The inquirer represents an employer in a workers' compensation matter. Counsel has represented the injured worker/claimant since 1995, and a third-party administrator (TPA) had paid the worker's benefits on behalf of his self-insured employer. Defense counsel has represented the employer/TPA since April 2000.
In April 2001, the TPA arranged for surveillance to be conducted upon the claimant; defense counsel was not aware of the surveillance at the time it was ordered. As part of the surveillance, an investigator transported the claimant to and from an independent medical examination (IME). During the trip to the IME, the claimant spoke with the investigator and allegedly disclosed information or made a statement contrary to his claim of ongoing disability. In May 2001, defense counsel received a copy of the IME report from the claims adjuster, who requested that counsel file a termination petition, which was done. In June 2001, defense counsel received copies of the surveillance reports from the adjuster. This was defense counsel's first knowledge of the surveillance, and the reports were turned over to claimant's counsel five days later.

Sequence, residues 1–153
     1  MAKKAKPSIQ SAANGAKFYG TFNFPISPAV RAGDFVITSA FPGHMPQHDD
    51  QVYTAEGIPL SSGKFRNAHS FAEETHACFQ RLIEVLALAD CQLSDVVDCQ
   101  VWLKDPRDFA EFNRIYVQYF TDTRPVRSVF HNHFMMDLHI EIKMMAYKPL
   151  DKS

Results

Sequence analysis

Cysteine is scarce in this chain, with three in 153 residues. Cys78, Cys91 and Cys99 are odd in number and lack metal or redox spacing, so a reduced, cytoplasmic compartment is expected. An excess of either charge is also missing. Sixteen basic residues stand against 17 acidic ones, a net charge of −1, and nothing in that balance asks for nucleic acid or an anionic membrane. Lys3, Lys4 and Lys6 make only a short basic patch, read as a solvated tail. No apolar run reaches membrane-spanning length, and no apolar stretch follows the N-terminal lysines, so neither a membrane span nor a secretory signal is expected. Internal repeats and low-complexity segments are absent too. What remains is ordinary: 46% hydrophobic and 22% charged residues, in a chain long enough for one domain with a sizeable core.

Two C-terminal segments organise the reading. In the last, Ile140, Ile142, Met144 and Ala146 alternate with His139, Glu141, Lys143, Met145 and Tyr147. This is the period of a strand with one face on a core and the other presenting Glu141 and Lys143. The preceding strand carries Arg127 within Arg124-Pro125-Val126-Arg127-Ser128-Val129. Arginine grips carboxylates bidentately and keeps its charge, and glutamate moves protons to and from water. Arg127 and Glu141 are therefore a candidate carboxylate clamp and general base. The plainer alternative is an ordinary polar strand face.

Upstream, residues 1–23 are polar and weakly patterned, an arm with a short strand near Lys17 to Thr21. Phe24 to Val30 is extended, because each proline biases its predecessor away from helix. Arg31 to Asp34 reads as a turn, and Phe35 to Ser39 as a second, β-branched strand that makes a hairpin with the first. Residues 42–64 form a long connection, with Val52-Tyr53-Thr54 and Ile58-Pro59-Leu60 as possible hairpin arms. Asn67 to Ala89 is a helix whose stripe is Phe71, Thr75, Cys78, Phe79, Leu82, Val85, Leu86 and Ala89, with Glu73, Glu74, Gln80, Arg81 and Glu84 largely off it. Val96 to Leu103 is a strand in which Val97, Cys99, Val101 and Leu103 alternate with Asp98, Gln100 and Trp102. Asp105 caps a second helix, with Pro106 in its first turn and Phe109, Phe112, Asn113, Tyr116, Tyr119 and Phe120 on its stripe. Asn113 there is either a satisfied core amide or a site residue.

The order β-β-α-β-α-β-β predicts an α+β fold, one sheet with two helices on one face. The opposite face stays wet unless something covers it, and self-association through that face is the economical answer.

Defense counsel intends to offer the surveillance into evidence and use it in support of his client's termination petition. Claimant's counsel has stated that she will object to the evidence "obtained by your client's surveillance witnesses in light of their unscrupulous and perhaps illegal tactics which at a minimum go against the intent and spirit of the Pennsylvania Workers' Compensation Act." Counsel further claimed that the use of the evidence would violate Rule 5.3(c)(1) of the Rules of Professional Conduct.